Big Data/Analytics Zone is brought to you in partnership with:

Justin Bozonier is the Product Optimization Specialist at GrubHub formerly Sr. Developer/Analyst at Cheezburger. He's engineered a large, scalable analytics system, worked on actuarial modeling software. As Product Optimization Specialist he is currently leading split test design, implementation, and analysis. The opinions expressed here represent my own and not those of my employer. Justin is a DZone MVB and is not an employee of DZone and has posted 27 posts at DZone. You can read more from them at their website. View Full User Profile

Coding Quickie: Classification Tree Learning

10.09.2012
| 5691 views |
  • submit to reddit

Have you ever seen a large table of data and thought, "Somebody just vomited numbers on my monitor?" Sometimes it can be hard to make sense out of tables like this -- and even moreso when the tables are large. There's at least one machine learning technique that will help you make sense of the data: classification trees.

Classification trees work by pouring over your data column by column and then hierarchically grouping your data by the unique values in each column. As an example imagine if you had a table of data like this:

  
In code, I write it like this: 
dataset = {
  "headers"=>["Number of Wheels","Number of Doors","Miles/Gallon", "Type of Auto"],
  "data" => [
    [4, 4,'21-40', 'Car'],
    [2, 0,'41-60', 'Motorcycle'],
    [4, 2,'11-20', 'Truck'],
    [16, 2,'1-10', 'Big Rig'],
    [4, 2,'21-40', 'Car'],
    [8, 2,'1-10', 'Big Rig'],
    [4, 4,'41-60', 'Hybrid Car'],
  ]
}
How would you organize the data to make it more understandable? Note that this example is a bit impractical because the table is pretty small but the mechanics will work the same. One caveat: the algorithm is working off of already enumerated values in a table. There's no continuous values like 8.132, or names, or IDs. In trying to use this in a real world scenario I'm finding myself preprocessing my data to create the buckets so I can run this algorithm.  The classification algorithm I learned tonight starts by looking at each column of data and then deciding which seems like it will give us the most information gain. Once it determines that it partitions the table and carries on recursively until we've come up with a full classification tree. You might be wondering how exactly does the algorithm determine which split will give us the most information. That's thanks to a calculation known as Shannon Entropy. It's outside the scope of this post but feel free to read more about it here.  Here's the code I ported from Python to Ruby:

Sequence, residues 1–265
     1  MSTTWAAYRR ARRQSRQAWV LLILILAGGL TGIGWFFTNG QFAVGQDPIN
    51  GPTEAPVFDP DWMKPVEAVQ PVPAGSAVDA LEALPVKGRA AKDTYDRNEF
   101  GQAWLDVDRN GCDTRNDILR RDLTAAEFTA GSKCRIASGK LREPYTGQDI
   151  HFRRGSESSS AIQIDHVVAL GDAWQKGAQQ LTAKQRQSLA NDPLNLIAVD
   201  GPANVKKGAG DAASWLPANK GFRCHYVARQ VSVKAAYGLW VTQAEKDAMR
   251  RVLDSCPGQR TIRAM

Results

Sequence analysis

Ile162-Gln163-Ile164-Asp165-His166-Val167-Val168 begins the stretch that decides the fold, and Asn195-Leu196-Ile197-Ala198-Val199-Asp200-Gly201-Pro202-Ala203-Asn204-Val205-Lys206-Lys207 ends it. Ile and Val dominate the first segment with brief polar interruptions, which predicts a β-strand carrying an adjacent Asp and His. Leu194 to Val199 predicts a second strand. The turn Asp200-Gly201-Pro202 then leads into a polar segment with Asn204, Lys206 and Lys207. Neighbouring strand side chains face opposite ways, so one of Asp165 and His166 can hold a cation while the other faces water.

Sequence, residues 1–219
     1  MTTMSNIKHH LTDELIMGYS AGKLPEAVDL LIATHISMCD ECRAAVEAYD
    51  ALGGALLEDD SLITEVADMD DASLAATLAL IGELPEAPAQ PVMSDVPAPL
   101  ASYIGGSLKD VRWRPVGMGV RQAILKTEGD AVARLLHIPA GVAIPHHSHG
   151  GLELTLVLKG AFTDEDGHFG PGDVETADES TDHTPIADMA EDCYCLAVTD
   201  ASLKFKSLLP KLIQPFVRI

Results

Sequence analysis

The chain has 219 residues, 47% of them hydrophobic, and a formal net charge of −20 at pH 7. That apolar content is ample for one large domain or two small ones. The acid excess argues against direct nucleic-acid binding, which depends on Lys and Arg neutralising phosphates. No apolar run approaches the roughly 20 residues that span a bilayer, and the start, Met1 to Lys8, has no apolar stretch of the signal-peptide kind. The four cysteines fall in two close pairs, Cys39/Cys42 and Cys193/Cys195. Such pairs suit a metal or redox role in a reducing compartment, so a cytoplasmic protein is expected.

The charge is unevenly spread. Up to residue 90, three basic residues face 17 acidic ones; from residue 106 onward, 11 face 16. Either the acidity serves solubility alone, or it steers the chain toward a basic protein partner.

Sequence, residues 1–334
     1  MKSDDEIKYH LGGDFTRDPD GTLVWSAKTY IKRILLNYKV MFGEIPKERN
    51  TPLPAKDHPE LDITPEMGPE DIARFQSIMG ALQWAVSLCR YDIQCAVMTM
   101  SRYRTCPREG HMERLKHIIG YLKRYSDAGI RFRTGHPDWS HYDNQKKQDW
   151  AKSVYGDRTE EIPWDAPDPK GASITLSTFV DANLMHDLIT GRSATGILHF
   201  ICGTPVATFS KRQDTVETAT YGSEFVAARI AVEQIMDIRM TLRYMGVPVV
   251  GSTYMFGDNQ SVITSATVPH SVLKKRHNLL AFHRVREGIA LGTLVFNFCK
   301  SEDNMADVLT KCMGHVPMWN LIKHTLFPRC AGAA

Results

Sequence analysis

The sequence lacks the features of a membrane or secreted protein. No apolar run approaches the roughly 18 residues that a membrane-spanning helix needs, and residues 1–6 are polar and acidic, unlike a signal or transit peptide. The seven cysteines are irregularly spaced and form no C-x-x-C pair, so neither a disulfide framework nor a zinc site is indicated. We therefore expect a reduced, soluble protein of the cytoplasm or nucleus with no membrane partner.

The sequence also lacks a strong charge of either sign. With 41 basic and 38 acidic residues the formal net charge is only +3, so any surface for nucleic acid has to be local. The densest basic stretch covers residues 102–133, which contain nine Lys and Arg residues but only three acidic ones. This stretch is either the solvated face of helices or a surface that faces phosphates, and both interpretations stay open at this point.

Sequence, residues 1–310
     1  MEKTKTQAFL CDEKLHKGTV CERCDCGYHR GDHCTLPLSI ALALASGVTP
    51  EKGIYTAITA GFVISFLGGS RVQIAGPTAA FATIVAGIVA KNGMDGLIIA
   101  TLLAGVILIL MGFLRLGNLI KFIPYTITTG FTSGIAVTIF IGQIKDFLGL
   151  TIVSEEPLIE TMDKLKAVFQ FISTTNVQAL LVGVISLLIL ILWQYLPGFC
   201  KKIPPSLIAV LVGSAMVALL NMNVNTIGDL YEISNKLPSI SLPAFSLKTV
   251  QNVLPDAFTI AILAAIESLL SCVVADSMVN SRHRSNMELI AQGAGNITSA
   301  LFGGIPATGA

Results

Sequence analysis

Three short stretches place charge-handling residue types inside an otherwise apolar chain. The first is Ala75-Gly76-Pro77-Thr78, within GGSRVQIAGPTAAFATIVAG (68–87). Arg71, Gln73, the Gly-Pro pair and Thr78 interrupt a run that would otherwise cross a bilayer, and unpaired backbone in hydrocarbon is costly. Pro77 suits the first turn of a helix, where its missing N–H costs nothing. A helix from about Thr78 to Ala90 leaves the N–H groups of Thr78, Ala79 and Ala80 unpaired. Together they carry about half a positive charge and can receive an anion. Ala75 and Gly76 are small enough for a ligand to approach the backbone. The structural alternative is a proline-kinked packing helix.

def calculate_shannon_entropy data, header_index
  number_of_entries = data.length
  label_counts = {}
  data.each do |row|
    current_label = row[header_index]
    label_counts[current_label] = 0 if not label_counts.has_key? current_label
    label_counts[current_label] += 1
  end
  shannon_entropy = 0.0
  label_counts.each do |key, value|
    frequency = value.to_f / number_of_entries.to_f
    shannon_entropy -= frequency * Math.log(frequency,2)
  end
  shannon_entropy
end
With the algorith I created, the following hierarchy results:
{
  "Number of Doors"=>{
    4=>{
      "Number of Wheels"=>{
        4=>{
          "Miles/Gallon"=>{
            "21-40"=>{
              "Type of Auto"=>[["Car"]]